Sukkot is a harvest holiday for seven days in September or October. Many families build huts with three sides and a leafy room in their backyards for enjoying their meals outside. It is a time to remember when the Jews wandered in the desert for forty years.
Is It Sukkot Yet? by Chris Barash, illustrated by Alessandra Psacharopulo
Fall is here with pumpkins, gourds, and colorful leaves, which means that Sukkot is on its way, too. Sukkot is the high holiday thatcelebrates the fall harvest and remembers when the children of Israel spent 40 years wandering in the desert.
Sukkot Is Coming! by Tracy Newman, illustrated by Viviana Garofoli
Learn about the traditions of the fall holiday of Sukkot in this simple book that repeats the refrain, “Sukkot is coming!”
The Very Crowded Sukkah by Leslie Kimmelman
Everyone in the family is busy getting sukkah ready but when a storm comes, who will the hut shelter? The neighborhood animals!
Books for Yom Kippur
The Jewish Holiday of Yom Kippur is also called The Day of Atonement. It’s a time when the adults and kids over age thirteen will fast, pray and ask for forgiveness.
The Hardest Word: A Yom Kippur Story by Jacqueline Jules, illustrated by Katherine Janus Kahn
Gorgeous, fantastical illustrations show a gigantic, colorful bird called the Ziz. Since he blocked out the sun for the children’s play, he started to fly at night instead of the day — but he bumped into a star which fell to the earth and made a large hole. He continues accidentally bumping into things and causing problems. God tells the Ziz to search for the hardest word which he doesn’t find — until he tells God that he’s sorry for failing in the task. It turns out that the word sorry is the hardest word but it’s 100% appropriate for the Day of Atonement.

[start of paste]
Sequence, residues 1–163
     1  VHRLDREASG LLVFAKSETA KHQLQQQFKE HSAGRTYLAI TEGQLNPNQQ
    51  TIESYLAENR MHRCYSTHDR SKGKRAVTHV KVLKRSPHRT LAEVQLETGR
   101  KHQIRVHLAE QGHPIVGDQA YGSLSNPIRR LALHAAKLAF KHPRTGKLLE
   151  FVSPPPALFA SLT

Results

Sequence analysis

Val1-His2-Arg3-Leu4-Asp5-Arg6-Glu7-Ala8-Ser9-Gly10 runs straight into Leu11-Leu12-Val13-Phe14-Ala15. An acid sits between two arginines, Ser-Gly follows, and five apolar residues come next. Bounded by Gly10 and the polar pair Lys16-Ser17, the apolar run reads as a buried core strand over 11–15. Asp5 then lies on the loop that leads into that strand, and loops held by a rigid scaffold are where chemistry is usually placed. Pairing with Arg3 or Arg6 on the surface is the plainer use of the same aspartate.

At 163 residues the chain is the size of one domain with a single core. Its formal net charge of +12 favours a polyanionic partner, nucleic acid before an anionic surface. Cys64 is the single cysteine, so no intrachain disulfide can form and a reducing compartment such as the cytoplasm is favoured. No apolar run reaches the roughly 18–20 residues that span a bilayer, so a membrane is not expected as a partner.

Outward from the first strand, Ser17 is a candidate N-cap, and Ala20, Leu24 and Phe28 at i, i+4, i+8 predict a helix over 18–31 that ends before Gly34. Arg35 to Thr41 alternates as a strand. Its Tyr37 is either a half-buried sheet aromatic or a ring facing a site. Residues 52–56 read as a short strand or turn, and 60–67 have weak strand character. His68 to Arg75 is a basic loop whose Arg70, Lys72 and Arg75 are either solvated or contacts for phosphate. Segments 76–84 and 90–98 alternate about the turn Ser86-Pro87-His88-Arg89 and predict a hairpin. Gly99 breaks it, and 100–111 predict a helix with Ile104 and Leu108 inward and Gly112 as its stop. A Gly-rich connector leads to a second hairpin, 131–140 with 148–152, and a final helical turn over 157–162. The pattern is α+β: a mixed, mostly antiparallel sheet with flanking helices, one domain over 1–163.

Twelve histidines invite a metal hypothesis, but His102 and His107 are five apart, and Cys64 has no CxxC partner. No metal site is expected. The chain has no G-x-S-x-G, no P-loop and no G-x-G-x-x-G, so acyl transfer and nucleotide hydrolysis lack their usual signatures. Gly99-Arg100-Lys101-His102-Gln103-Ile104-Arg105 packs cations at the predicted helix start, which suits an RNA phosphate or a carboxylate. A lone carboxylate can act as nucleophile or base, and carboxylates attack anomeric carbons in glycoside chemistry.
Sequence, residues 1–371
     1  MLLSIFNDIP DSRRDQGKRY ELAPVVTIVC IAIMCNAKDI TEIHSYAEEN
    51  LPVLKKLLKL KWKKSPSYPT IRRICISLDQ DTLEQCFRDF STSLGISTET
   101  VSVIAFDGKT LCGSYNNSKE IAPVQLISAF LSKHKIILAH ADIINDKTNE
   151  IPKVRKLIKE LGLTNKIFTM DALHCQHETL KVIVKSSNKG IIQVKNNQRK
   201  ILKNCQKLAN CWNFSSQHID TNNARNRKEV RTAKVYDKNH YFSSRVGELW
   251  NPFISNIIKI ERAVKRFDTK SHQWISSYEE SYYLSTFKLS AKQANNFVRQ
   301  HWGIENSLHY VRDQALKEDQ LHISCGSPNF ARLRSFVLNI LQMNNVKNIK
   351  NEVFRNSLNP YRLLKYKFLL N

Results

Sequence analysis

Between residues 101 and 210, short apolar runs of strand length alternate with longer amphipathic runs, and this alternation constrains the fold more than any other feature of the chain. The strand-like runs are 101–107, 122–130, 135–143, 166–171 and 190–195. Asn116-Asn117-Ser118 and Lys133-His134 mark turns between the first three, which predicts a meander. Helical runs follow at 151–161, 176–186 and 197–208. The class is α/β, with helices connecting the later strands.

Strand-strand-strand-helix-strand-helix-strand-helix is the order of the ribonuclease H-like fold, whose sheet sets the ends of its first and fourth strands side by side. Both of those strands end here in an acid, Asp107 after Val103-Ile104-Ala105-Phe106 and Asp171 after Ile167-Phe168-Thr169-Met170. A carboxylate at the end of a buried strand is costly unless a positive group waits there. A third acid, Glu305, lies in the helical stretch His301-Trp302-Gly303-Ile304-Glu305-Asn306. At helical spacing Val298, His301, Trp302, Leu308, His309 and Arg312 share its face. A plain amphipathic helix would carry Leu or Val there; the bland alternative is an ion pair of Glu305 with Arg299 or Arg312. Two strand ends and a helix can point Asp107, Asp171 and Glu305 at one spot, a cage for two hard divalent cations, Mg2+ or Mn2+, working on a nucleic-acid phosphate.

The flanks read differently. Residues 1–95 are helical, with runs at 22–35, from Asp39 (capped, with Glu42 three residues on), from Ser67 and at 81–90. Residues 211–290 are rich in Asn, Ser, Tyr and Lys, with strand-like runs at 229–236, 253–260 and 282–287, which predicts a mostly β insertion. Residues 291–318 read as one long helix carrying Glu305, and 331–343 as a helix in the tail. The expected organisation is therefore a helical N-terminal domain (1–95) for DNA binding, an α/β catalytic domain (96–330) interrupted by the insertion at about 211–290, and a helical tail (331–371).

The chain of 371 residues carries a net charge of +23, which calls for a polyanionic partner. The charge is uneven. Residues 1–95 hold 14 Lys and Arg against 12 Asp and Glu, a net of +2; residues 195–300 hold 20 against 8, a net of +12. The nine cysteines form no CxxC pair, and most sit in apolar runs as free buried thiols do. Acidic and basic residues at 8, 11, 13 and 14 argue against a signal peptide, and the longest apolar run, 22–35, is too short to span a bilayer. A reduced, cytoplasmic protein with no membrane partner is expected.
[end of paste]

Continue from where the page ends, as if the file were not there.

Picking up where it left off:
Talia and the Very YUM Kippur by Linda Elovitz Marshall, illustrated by Francesca Assirelli
Grandma asks Talia to help her prepare a Yum Kippur breakfast kugel, but first, Talia needs to collect the eggs, milk the cow, boil noodles, and gather all the other ingredients. The next day, Talia apologizes to her grandmother for breaking something. The family fasts during the day and at night, enjoys the dishes that Talia and Grandma had prepared the previous day.
Books for Shabbat
Shabbat isn’t a Jewish high holiday, but I wanted to include it in this roundup of books none the less. Shabbat is the Jewish day of rest on the seventh day of each week.
Shabbat Is Coming by Tracy Newman, illustrated by Viviana Garofoli
Friday is here, and at sundown, Shabbat begins. This book focuses on the preparations for Shabbat with candles, cooking, and cleaning.
Soosie The Horse that Saved Shabbat by Tami Lehman-Wilzig, illustrated by Menahem Halberstadt
You’ll love this sweet story of a horse that delivers the challah bread when the delivery boy is sick. Jacob drives all over town with Soosie the cart horse delivering challah bread for Shabat. But when Jacob arrives at the bakery for his deliveries too sick to work, Esther and Jacob know just what to do — send Soosie with the bread and a note. Will it work? Yes! People pay for their bread into Soosie’s tin and she makes it back home safely.
Shabbat Shalom! by Douglas Florian, illustrated by Hannah Tolson
Rhyming text shows a family’s Shabbat traditions including lighting candles, praying, and sharing a meal together. It’s a simple glimpse into this weekly Jewish celebration.